While meme stocks dominated news coverage this week with their wild price swings, the stock market got the jobs report it was waiting for, as May’s payrolls growth came in short of expectations and led investors to conclude that the Fed would not trim its bond buying anytime soon. All three indexes posted gains for the week.
But largely hidden from the news this week, was a startling blow to the dollar. Russia announced that its wealth fund will ditch the dollar taking a first major step in accelerating toward weaning its economy off the US currency. The wealth fund, albeit small, relatively speaking, at $186 billion, will shrink its dollar assets to zero from 35%. While this move is clearly a sign of retaliation of US sanctions, it could be a harbinger of a bigger problem for the US and the world economy – Is the U.S. dollar at risk of losing reserve currency status?
Future Wealth’s View
Recent report from the International Monetary Fund (IMF) shows that ~60% of central bank reserves among 149 countries is dollar denominated. That’s down from previous decades and will likely slip further in the years ahead. By far the biggest threat to the US dollar is the Chinese yuan. The economic rise of the country suggests that the US dollar will be usurped by the yuan eventually, echoing the shift from the British pound to the US dollar in the early part of the 20th century. But China’s currency isn’t ready for prime time as a reserve currency as yet. China has yet to allow free trade of its currency, it restricts capital flows in and out of the country and there is lack of transparency in China’s financial markets.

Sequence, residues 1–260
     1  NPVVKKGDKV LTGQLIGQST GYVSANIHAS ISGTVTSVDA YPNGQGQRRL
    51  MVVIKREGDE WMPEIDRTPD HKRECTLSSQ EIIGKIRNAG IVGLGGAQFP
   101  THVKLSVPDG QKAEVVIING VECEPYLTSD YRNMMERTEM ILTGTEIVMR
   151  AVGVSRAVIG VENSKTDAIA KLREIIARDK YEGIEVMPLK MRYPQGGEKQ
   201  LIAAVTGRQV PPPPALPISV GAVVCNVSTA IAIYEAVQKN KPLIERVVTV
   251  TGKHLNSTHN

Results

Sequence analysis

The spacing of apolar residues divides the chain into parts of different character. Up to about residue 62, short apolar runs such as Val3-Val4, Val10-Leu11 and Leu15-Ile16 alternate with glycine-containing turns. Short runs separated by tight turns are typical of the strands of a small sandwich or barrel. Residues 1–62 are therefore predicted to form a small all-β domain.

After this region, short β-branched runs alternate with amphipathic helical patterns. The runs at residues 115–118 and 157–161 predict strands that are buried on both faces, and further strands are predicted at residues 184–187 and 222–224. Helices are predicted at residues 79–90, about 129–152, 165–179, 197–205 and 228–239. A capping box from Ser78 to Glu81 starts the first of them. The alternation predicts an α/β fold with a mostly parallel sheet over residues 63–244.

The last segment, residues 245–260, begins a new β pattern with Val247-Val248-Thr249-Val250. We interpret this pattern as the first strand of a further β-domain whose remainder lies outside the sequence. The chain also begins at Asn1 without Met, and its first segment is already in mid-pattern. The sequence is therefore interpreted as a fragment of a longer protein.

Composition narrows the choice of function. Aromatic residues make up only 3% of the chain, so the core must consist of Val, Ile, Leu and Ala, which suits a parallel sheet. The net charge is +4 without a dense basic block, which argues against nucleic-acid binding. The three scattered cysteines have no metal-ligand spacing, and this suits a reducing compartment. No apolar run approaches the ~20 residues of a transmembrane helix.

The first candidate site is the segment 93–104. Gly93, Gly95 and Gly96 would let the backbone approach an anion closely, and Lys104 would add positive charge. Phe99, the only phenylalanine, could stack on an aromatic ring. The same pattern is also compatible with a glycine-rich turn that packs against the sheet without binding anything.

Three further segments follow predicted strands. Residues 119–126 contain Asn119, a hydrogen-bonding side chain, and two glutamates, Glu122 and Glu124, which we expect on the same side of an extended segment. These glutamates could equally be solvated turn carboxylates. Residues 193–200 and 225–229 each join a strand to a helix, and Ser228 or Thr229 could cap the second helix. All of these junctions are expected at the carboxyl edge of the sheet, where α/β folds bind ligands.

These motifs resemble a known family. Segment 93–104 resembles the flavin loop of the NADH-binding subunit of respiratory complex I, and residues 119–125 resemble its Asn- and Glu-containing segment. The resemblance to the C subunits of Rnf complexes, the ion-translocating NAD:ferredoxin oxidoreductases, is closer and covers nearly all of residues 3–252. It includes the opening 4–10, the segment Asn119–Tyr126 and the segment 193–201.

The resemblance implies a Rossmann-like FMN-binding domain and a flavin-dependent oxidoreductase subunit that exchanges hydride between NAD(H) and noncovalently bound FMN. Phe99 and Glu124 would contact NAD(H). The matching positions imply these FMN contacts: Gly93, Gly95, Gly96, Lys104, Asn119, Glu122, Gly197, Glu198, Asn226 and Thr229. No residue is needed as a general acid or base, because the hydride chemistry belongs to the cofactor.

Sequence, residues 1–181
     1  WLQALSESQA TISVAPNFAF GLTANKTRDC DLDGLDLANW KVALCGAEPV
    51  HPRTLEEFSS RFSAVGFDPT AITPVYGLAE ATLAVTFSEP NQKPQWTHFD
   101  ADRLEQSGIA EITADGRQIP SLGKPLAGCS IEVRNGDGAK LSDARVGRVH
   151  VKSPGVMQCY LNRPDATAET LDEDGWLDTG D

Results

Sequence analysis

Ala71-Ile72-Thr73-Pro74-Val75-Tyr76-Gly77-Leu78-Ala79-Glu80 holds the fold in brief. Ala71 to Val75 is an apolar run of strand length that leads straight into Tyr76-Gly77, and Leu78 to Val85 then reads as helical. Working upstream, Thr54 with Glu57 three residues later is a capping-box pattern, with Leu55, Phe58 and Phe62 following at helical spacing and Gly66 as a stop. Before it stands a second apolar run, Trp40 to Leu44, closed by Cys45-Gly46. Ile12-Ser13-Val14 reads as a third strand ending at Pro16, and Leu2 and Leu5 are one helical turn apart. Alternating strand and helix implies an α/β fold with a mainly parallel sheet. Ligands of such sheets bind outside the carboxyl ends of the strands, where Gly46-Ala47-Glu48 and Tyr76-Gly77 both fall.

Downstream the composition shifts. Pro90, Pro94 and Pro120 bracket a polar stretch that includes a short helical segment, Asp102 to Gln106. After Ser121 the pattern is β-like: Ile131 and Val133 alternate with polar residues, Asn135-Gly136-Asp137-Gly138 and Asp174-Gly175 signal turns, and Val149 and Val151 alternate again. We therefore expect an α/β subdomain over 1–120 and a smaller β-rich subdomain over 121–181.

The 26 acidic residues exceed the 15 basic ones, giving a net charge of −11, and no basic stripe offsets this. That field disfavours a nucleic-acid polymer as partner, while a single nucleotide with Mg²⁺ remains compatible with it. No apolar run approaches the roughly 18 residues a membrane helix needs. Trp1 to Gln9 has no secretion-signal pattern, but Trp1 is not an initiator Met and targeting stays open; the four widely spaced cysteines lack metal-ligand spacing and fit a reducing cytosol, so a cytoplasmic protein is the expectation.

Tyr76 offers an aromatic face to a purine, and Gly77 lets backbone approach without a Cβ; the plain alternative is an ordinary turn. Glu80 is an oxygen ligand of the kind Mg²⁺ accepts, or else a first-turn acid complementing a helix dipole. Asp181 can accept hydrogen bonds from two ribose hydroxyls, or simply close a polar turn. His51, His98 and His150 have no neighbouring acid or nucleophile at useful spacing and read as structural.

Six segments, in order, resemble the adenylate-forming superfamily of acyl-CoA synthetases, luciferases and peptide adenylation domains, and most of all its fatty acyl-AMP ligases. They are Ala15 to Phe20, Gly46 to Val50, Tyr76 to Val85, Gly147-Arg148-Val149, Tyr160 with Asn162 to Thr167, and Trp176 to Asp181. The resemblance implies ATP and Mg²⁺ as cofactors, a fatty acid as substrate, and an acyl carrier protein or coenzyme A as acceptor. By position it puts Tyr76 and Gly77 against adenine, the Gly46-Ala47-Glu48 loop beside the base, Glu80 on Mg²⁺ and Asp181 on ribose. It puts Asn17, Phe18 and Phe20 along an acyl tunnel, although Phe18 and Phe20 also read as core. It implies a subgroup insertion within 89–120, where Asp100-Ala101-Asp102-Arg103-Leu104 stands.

The only other alternative is the Euro. The Euro was created to be an heir to the dollar but instability, disparate political systems and threat of countries leaving the Eurozone has taken the Euro out of contention. Other currencies like the pound and the yen are marginal players at best. Which brings us back to the big question – will the US dollar lose its reserve currency status and if so, when?
It is fair to say that it is unlikely to happen in our lifetimes. But China and Russia, run by leaders with lifetime appointments, are plotting a longer term strategy that extends well beyond our lifetimes while the US leadership is focussed on a 4 year congressional and presidential cycle. The shift may be imperceptible for now but the yuan may ultimately win